Chinese scientists discover new targets for sensitization of iron death

On December 27, 2022, Yang Minghua, professor of pediatrics at the Third Xiangya Hospital of Central South University, published original research results in Nature Communications, revealing a novel metabolic mechanism of tumor cells resistant to ferrozois and proposing a new strategy for targeting lipometabolic reprogramming sensitized iron death mediated by member 47 of the phospholipid transportase solic carrier family 47 (SLC47A1).

Professor Yang Minghua and Professor Daolin Tang of Texas Southwest Medical Center are the co-corresponding authors of the paper, Lin Zhi, a 2019 doctoral student in pediatrics of the Third Xiangya Hospital, is the first author, and the Third Xiangya Hospital is the first completion unit.

Induction of ferrozois is a new strategy for tumor treatment

The goal of tumor treatment is to remove tumor cells with less or no damage to normal cells. However, due to the existence of tumor drug resistance, tumor prevention and treatment are still full of challenges. Therefore, exploring the signaling pathways and molecular mechanisms of different cell death patterns can help to find new anti-tumor strategies or optimize existing treatment options.

Ferrosis was originally defined as a non-apoptotic form of cell death that selectively kills the oncogene RAS. At present, the industry believes that iron death is a regulatory necrosis-like cell death mode, and its occurrence and development mainly depends on intracellular iron ion aggregation and the production of a large number of lipid peroxides, which eventually leads to the disintegration and rupture of cell membranes.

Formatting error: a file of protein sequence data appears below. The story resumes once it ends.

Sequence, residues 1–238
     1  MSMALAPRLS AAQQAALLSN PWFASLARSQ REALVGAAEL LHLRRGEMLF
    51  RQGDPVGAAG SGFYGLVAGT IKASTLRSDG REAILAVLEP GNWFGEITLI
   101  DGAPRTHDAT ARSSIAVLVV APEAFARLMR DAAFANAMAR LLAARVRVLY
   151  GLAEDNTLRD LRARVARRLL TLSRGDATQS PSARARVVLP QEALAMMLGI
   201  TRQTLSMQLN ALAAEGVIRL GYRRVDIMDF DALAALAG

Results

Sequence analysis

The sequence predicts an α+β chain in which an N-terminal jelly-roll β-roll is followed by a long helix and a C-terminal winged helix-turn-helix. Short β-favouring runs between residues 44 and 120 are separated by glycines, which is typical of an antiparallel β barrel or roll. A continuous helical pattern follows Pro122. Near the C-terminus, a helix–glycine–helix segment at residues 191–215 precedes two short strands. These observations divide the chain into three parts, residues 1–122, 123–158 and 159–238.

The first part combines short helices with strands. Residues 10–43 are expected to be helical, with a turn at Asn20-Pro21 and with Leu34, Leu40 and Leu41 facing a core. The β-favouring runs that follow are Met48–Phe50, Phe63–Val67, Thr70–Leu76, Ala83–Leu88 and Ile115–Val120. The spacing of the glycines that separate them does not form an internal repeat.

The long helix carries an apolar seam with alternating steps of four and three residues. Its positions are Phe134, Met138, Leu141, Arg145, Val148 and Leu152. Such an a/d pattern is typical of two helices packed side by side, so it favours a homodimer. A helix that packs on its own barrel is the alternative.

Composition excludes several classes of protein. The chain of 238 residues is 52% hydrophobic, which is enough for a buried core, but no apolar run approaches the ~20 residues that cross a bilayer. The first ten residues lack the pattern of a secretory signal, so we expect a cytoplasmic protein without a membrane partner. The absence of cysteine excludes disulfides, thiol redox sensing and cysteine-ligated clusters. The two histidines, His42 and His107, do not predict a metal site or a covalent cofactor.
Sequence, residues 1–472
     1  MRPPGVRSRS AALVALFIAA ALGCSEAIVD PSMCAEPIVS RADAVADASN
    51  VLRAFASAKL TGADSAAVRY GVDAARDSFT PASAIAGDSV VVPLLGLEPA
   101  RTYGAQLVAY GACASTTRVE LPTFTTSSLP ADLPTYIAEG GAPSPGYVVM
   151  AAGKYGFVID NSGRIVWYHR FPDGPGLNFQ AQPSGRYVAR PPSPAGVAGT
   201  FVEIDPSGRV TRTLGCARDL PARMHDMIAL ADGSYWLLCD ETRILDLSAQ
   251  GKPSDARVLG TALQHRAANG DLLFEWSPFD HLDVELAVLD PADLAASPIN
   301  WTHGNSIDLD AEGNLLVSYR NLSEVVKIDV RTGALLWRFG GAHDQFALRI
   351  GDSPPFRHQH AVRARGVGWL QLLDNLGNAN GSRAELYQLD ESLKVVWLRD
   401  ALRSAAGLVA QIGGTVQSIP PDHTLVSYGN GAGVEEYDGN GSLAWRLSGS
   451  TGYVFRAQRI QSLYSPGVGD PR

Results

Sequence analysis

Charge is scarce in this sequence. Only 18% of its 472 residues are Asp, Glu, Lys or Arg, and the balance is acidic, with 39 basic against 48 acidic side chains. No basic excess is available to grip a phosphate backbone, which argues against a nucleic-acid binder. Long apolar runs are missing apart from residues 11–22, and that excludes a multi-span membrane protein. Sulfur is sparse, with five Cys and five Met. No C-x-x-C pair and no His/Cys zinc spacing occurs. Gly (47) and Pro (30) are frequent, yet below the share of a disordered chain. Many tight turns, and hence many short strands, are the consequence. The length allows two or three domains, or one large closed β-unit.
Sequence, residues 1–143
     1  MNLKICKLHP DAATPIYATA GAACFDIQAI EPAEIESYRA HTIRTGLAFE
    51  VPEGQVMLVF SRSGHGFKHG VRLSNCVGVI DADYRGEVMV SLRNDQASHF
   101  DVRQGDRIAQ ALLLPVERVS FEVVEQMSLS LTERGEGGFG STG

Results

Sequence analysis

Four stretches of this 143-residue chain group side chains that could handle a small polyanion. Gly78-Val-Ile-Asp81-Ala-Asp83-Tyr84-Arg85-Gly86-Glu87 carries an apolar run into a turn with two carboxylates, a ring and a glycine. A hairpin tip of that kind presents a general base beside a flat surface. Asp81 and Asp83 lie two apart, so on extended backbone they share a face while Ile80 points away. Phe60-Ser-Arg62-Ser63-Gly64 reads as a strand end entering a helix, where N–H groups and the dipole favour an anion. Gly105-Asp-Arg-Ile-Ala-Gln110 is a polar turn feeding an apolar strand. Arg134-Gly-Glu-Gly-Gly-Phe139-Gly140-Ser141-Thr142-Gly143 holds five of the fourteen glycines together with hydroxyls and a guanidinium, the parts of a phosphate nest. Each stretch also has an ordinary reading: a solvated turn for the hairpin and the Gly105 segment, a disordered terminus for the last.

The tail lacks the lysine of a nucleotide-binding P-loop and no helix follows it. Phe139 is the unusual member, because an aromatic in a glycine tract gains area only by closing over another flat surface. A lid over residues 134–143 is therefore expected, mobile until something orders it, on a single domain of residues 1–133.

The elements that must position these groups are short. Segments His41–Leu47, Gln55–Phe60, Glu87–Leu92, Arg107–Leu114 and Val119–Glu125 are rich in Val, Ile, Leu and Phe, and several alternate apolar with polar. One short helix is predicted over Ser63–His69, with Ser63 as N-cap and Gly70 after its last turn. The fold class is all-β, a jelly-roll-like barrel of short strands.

In-depth discussion of the molecular mechanism and metabolic basis of ferrozois is expected to open up the application of ferrozois induction in tumor treatment. However, cancer cells can evade cellular ferrozois by activating or remodeling stress pathways, which limits the antitumor effects of ferrozotic inducers.

“We have long been committed to the study of the regulatory mechanism of leukemia and tumor cell death.” Yang Minghua, the corresponding author of the paper, said that the team found in a large number of studies in recent years that iron death may be another way to promote tumor death and overcome tumor drug resistance.

The picture shows Yang Minghua (middle) and team members carrying out relevant research work. Photo courtesy of interviewee

Abnormal lipid metabolism is one of the important features of cancer and is closely related to the occurrence and development of tumors. Lipids are oxidized substrates at the time of ferrozosis, and targeting lipid metabolism reprogramming to induce ferrozis is becoming a new idea for tumor treatment.